Pearl is seen as a devil child by the Puritan community, even making her own mother question her humanity. “...sometimes so malicious… that Hester could not help questioning, at such moments, whether Pearl was a human child” (Hawthorne 101). In the novel she is shown scaring away other children by throwing rocks at them. Described as, “An imp of evil, emblem and product of sin,” Pearl represents the scarlet A in a negative way (Hawthorne 102). Being the legitimate symbol of the scarlet letter herself, Pearl’s biggest symbolic representation is Hester’s sin.
To support the claim that beneath her evil demeanor Steinbeck depicts Cathy as a woman with innocence, the exploration of the source of evil within Lucifer is required. There is much significance to Steinbeck’s portrayal of Cathy as a serpent, as such a reference applies to the biblical character of Lucifer. That is, Lucifer – the devil, takes the form of a serpent likewise to Cathy who is illustrated by Steinbeck as a snake as well, which infers the link between the two characters. In The Book of Revelations, one can trace the source of evil within Lucifer from the phrase, “And the great dragon was thrown down, that ancient serpent, who is called the Devil and Satan, the deceiver of the whole world-he was thrown down to the earth, and his angels were thrown down with him.”. Lucifer was a fallen angel, meaning he was once God’s right hand man.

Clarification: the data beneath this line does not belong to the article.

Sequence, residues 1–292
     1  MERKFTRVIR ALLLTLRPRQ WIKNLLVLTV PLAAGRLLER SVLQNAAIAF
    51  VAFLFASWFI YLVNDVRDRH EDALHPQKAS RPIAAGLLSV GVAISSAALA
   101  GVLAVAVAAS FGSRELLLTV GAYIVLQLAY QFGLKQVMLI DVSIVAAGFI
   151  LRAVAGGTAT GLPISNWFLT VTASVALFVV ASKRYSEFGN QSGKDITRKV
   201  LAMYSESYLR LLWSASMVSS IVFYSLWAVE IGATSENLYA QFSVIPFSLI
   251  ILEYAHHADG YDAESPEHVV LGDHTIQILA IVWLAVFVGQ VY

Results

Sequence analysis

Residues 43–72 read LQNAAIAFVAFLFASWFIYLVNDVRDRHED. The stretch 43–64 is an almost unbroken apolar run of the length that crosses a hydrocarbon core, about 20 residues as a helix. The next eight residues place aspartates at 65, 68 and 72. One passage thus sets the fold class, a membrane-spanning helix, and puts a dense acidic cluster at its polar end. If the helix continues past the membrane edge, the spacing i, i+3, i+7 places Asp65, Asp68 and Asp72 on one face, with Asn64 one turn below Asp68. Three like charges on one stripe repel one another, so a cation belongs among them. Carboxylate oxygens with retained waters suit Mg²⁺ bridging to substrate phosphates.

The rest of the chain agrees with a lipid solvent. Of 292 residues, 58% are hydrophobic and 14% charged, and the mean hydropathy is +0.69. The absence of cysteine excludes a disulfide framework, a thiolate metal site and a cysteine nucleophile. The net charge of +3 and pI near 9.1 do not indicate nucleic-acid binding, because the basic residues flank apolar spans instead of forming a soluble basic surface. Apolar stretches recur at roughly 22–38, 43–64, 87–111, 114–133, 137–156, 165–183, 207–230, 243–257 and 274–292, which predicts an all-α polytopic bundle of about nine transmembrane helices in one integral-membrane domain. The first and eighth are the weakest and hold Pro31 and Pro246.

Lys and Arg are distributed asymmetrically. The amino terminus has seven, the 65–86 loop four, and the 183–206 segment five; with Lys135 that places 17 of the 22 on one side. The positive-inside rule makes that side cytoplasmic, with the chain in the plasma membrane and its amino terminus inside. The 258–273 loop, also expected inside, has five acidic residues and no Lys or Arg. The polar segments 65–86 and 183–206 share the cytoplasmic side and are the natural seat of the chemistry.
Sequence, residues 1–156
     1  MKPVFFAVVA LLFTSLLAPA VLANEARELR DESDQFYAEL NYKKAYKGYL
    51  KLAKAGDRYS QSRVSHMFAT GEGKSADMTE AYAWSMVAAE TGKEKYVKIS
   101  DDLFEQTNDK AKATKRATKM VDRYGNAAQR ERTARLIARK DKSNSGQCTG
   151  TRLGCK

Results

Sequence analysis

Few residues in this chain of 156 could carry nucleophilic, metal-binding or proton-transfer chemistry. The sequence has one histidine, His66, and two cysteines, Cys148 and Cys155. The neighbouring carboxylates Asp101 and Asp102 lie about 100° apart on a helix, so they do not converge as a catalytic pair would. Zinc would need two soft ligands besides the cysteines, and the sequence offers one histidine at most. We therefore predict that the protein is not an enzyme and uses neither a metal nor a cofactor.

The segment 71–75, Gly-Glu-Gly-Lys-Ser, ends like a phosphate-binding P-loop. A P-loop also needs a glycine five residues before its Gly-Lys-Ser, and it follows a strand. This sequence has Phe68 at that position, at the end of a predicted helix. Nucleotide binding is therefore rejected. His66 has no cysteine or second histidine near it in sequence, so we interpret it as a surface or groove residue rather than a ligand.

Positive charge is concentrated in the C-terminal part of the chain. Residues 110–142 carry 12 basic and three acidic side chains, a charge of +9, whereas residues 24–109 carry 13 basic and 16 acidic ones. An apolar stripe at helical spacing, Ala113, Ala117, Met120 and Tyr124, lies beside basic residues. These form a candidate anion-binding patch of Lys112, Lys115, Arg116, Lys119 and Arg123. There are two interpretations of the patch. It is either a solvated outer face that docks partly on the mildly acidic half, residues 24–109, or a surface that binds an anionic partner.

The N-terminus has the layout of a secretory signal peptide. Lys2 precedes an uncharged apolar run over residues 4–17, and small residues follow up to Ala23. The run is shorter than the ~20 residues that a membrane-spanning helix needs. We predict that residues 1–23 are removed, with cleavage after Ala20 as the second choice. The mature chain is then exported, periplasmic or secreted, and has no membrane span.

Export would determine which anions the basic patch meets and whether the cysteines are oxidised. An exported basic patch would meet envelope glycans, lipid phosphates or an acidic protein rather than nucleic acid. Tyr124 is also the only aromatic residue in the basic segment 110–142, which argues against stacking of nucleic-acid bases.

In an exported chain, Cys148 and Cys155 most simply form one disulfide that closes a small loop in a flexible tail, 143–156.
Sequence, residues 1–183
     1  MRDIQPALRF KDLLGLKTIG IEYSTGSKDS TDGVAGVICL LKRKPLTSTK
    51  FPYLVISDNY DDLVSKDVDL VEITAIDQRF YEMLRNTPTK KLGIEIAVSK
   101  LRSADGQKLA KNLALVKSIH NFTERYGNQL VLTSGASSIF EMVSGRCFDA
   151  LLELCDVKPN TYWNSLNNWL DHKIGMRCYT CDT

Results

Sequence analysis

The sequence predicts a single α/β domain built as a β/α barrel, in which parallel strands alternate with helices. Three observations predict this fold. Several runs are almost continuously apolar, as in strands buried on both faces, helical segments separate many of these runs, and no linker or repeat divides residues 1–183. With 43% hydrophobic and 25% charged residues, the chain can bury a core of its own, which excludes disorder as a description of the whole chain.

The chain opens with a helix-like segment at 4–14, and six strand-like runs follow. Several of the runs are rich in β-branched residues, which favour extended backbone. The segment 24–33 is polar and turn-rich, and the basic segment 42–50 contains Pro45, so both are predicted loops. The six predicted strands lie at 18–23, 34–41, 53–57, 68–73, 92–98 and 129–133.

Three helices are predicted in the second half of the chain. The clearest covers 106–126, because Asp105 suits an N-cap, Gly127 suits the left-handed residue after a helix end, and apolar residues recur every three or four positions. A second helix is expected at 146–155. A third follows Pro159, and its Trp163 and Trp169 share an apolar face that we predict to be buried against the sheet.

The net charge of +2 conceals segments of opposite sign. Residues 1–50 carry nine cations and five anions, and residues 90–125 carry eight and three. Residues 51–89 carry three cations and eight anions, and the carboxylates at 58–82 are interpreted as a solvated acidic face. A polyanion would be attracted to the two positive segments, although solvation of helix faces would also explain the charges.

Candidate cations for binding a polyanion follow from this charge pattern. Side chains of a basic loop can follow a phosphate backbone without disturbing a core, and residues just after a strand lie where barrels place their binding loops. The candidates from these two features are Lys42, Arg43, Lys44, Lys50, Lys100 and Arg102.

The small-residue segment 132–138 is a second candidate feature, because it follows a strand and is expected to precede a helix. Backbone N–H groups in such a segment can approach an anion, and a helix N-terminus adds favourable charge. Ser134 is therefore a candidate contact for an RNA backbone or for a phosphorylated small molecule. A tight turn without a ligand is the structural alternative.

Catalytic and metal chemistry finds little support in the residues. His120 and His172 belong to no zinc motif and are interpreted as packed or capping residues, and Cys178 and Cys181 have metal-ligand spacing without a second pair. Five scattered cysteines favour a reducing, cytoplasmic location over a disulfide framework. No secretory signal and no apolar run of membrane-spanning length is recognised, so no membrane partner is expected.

1518). The line is power provoking because it paints Grendel’s mother to be a satanic creature which represents all that is evil. “Swamp-thing” also gives the reader a picture of an alligator-like monster. Grendel’s mother’s actual appearance is never described in poem. Instead, an image must be created based on interpretations and drawing from some of the reader’s worst fears.
In her novel Mary Shelley explores the central ideas of rejection and abandonment, human nature, good and evil and revenge to support the conviction of Frankenstein’s responsibility in the novel and Frankenstein is a reflection of this. Shelley shows through positioning of characters within the stories that good and evil is not clear-cut and there are many moral grey areas. The readers are positioned to feel sympathy for the creature, especially since his yearnings for human contact could easily be their own. Which makes it all the more frightening when Victor and others treat him in such vile ways. Shelley uses the novel to explore human nature, Frankenstein wants the readers to see the creature as a monster however they don’t.
It symbolizes the horrible violence and deeds executed by Macbeth that Lady Macbeth is suffering from. Throughout Macbeth, the symbol of the supernatural plays an important role to the development of the plot. At the end of the sleepwalking scene the doctor says, "Foul whisp'rings are abroad. Unnatural deeds Do breed unnatural troubles" (V. i. 49-50).